The Food City Distribution Center is where all the items come in from vendors, are stored and organized, then shipped out to 120 Food City Stores.
Food City Director of Distribution, Buddy Honaker, pointed out the locations of the various warehouse on a map of the 45 acre campus.
"This is our perishable operation, this is our freezer, this is our produce operation, this is our health and beauty and specialty foods.This is our Misty Mountain here. This is dry grocery our center store here," he said.
The freezer warehouse is especially cool.
"Ice cream is important to us and everybody in this warehouse knows the importance of keeping it cold," Mark Hartzog said.
They keep it really cold. Ice cream arrives from the suppliers at minus 20 degrees.
"When we ship the product we have to maintain the minus 20 and by doing that we'll put it in the ice cream boxes we have there. Once we put the ice cream in there we'll add an additional 10 pounds of dry ice which is minus 109 degrees. It will maintain the minus 20 for about 12 or 14 hours. That gives it ample time to get to the store where they can get it unloaded and into the coolers," he said.
Mark Hartzog knows everything about the place. He's worked his way up to Warehouse Manager.
"I've just loved it from day one, 32 years ago, October 5."
There's very little turnover at the Food City Distribution Center, the DC for short. Many employees put in double digit years of service in double digit below zero temperatures.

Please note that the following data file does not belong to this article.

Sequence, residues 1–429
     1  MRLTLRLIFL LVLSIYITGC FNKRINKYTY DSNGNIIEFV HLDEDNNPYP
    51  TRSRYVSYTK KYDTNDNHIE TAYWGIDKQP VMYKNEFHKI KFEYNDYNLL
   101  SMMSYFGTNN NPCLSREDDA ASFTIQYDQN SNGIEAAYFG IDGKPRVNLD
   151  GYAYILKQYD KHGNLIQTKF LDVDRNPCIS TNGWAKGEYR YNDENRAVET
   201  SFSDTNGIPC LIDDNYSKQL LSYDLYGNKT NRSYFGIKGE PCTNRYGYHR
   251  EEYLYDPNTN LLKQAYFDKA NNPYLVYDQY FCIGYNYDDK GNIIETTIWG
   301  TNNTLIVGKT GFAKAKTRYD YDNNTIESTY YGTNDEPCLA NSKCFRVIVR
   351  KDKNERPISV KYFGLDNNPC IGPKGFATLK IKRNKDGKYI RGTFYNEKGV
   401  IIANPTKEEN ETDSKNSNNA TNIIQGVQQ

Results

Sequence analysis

"For the new people that I interview before I hire them one of the things I do is I don't give them a jacket. They will sit in my office for about 15 minutes and then we come out I want them to experience the shock of minus 18 degrees," he said. "If they can go in there and come back out and say they want the job, they've got the job."
The jobs in the freezer warehouse require physical stamina and a willingness to adapt to the cold conditions. The company supplies appropriate attire.
"A lot of the guys will wear a couple pair of socks. But you will see guys come in with shorts and tank tops on," Mark said. "They will put on the insulated bibs which is good for minus 20. They will put the insulated coats on BUT underneath that will be there gym shorts and t-shirts," he said. "Most of the guys here feel just like I do. We actually like the cold. We're not summertime people."
Summer or winter, the people are committed to moving the food to the delivery trucks to get it into customers hands as quickly as possible.
"Even in the winter time when you see everybody else on the side of the highway you see the Food City trucks going," he said.
The trucks keep going even when snow covers the ground. Mark is proud of their 99% on time delivery accomplishment.
"You get these big snow scares. We will have milk. We will have bread. We will have ice cream. And you would not believe how much ice cream we sell during a snow scare," he said.